Out of Austin, Texas, three writers have emerged from a ceremony with fresh laurels in hand: C.E. Morgan, Jason Reynolds and Susan Faludi have won Kirkus Prizes this year — for fiction, young readers' literature and nonfiction, respectively. The prize, awarded by the literary publication Kirkus Reviews, doles out $50,000 apiece along with the honors in each category.
Judges plucked the three winning books from the pool of more than 1,100 books that received a starred review from Kirkus Reviews in roughly the past 12 months.
C.E. Morgan's novel The Sport of Kings "takes the kind of dauntless, breathtaking chances readers once routinely expected from the boldest of American novels," the panel of judges wrote in their citation. The book, which embraces decades of Kentucky horse-racing history, treats race with as much care as the competitions on the track. And its vast scope has attracted adjectives from critics like "sweeping," "daring" and — to borrow another description from the Kirkus judges — "profoundly orchestrated."
But then, if you've been listening to All Things Considered, you may have known that already. This summer, when the show asked booksellers for their recommendations, Californian John Evans broke out Morgan's opus as one of his suggestions:
Jason Reynolds, meanwhile, earned the Kirkus Prize for young readers' literature with the book As Brave as You, which features a risk-averse kid from Brooklyn on a visit to his grandparents in Virginia. In a statement, the judges explained their choice:
"Through eleven-year-old Genie's irrepressible curiosity, readers encounter a complex landscape peopled by an ensemble of richly developed characters. Reynolds' novel, told with compassion, humor, and an eye to historical context, introduces us to a phenomenal, truly unforgettable family."
Reynolds, who spent his own childhood in Washington, D.C., told NPR earlier this year that he's been inspired by a similar change of scenery in his own life — only in the reverse direction. When he left college, he headed to Brooklyn, where his struggle to make a life as an adult led him to a valuable lesson about fear.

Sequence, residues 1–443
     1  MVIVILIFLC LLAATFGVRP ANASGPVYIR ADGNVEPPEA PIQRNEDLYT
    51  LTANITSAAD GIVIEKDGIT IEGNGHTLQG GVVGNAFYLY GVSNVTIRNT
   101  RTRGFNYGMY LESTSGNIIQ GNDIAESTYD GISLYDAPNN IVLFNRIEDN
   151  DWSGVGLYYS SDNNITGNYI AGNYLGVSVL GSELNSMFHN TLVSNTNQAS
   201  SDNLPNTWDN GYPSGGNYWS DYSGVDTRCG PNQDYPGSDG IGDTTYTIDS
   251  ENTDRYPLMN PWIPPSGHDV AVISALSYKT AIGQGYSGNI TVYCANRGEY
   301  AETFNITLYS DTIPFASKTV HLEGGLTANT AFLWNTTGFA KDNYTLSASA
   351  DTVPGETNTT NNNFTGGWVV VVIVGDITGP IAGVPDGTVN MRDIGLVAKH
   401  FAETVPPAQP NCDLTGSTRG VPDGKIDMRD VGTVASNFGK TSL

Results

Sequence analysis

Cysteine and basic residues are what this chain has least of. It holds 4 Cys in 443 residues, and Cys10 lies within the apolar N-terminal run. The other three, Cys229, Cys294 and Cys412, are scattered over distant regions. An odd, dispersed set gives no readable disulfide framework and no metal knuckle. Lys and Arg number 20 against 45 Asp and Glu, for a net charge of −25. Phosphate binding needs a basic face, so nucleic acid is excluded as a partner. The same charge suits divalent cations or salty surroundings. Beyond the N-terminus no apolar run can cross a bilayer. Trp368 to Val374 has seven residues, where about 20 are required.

"Be not afraid of discomfort. If you can't put yourself in a situation where you are uncomfortable then you will never grow. You will never change. You'll never learn. And I think for me, the discomfort of drowning is what taught me to swim."
The Kirkus Prize isn't the only literary honor to take notice of Reynolds this year. His novel Ghost is also on the shortlist for this year's National Book Award.
The winner in the nonfiction category, Susan Faludi's In the Darkroom, depicts another, much more intimate departure. In it, the Pulitzer winner tells of receiving an email from her estranged father, who delivers some startling news: He has undergone gender reassignment surgery. What follows is a "compelling, lyrical, and candid exploration of identity, gender, and the intensely complex relationship between a transgendered father and her daughter," according to judges.
"A lot of the questions I have about identity boil down to whether identity is something you choose or the very thing you can't escape," Faludi told NPR's Renee Montagne this summer. "And my father's own understanding of that exploration was essential to her figuring out something about herself and to attaining a certain peace with herself."
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